Saturday, October 08, 2005

love's open sea

Pouring envy and greed from love's open sea,

We steal from each other the waters of bliss.

No fish ever hoards its own portion of water;

Without the ocean, there's nothing that is.

#1463: From Rumi's Kolliyaat-e Shams-e Tabrizi

Search word: envy

There is a fierce wind blowing today and it feels awesome. I wonder at the emotions that a hurricane would release. Emotions themselves are elemental things and wind, rain, sunshine have been drawn into service to describe them. Some, like envy, are viewed as negative and to be repressed. I'm not so sure. When we are hit by a negative emotion, we can harvest something from it first. I'm convinced that, when we do, we make friends with that emotion and it turns into an asset instead of a liability.

Rumi certainly suffered as a consequence of others' envy, as the stories about Shams' disappearance suggest. In this quatrain he sources envy and greed in the same place from which positive emotions emerge, the same vast ocean of the soul, and he thus characterizes them as forms of love. To repress envy is to turn away from the soul but to respond to it by trying to reduce the bliss of another is pointless. Nothing is gained from that. The ocean was available to us before the attempted theft and it is available afterwards.

When I look at the love between Rumi and Shams from the perspective of homosexual love alone, it just doesn't make adequate sense. There is no hint that Shams had the kind of youthful physical beauty that would arouse envy in those lusting after him and seeing Rumi as standing in the way. He must still have had an extraordinary beauty in the eyes of Rumi, a kind of beauty of being that is often found in the innocence and unselfconsciousness of youth. The onlookers who envied this attention that Rumi paid to Shams were really longing for their own Shams quality. The logic, I think, is this: If Shams is removed, then Rumi must cast his gaze elsewhere and since it was his loving gaze that rendered Shams beautiful, then that gaze will miraculously transform everyone else toward whom it is turned. Sadly, it just doesn't work that way.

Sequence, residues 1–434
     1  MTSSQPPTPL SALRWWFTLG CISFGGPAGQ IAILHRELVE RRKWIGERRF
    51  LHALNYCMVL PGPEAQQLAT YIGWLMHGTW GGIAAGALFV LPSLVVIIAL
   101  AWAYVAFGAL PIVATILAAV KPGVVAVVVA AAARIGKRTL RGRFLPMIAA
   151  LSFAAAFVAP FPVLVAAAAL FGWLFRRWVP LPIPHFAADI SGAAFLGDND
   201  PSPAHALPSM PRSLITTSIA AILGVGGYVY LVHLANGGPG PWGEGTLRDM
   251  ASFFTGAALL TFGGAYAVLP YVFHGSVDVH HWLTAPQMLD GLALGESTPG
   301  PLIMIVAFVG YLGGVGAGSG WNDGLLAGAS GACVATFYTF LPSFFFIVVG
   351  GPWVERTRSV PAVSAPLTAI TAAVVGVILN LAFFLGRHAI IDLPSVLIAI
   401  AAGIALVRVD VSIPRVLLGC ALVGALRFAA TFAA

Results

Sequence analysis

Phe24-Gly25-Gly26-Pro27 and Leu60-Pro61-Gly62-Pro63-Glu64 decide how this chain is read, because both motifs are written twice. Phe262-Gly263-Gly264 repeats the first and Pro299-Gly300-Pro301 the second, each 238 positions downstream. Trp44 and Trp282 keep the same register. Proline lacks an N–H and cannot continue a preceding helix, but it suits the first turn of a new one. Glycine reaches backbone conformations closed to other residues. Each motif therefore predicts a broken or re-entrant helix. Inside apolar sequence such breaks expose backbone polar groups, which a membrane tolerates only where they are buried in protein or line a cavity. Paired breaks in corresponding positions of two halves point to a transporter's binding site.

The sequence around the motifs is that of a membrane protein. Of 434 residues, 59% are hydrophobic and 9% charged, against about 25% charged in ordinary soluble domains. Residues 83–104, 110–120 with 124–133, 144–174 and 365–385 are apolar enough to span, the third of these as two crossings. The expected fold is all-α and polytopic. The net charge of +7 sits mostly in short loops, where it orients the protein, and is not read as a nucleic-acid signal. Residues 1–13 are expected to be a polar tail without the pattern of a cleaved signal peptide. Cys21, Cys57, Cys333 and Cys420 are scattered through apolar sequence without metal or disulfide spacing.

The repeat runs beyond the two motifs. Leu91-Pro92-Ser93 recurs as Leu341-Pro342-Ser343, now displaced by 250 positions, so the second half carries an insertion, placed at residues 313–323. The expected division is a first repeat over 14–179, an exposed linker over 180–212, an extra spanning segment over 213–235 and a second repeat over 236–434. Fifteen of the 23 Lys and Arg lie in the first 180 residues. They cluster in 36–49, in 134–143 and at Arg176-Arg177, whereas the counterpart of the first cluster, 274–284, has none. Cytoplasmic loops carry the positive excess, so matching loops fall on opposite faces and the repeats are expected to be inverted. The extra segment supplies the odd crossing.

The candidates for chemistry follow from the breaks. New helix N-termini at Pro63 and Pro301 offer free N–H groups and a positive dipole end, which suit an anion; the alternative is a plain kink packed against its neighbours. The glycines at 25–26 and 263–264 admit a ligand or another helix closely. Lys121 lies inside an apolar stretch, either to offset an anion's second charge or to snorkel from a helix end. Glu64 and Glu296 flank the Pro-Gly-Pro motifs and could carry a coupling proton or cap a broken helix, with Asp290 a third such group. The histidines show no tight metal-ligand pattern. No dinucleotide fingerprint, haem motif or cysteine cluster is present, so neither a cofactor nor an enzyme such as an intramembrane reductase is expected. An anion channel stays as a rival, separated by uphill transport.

Or perhaps is does, or did work that way, although not in a direct or obvious way. Perhaps Shams' disappearance (which might, like an earlier disappearance, have been self-imposed) was a necessary catalyst for Rumi to turn away from such focussed attention and gradually come to write about love in a way that could communicate more widely. Perhaps Shams, perhaps indirectly his murderers, sensed that Rumi needed this pain to jolt him out of a too-limited obsession with one man and into a writer who could reach across religious, cultural and language divides and far into future centuries.

A spectacular interest in Rumi has emerged in the West. No mere poet has ever attracted so much attention. Some attribute this to the brilliant poetic renderings of the modern poet-translator, Coleman Barks. However, even the humble efforts of Zara Houshmand that I use in this blog reveal much richness of thought and emotion. Rumi has been compared to Shakespeare but I strongly doubt that Shakespeare in Arabic or Urdu or Malay could have as strong an impact on the Muslim world as Rumi has had on the Christian. No, Rumi is a more special phenomenon than a Shakespeare. His huge and rich opus has the potential to form a cultural space within which all world religions have a place and to which any genuine spirituality can relate. The world certainly needs something like this right now.

If the ocean of love can be embodied in writing then Rumi's opus is it. But the same ocean of love that fed his writing is available to any and every writer, no matter how little or greatly talented. Every one of us can plunge into this ocean and feel its vastness as our home. As Rumi says, it belongs to no single fish. All of us are swimming here.


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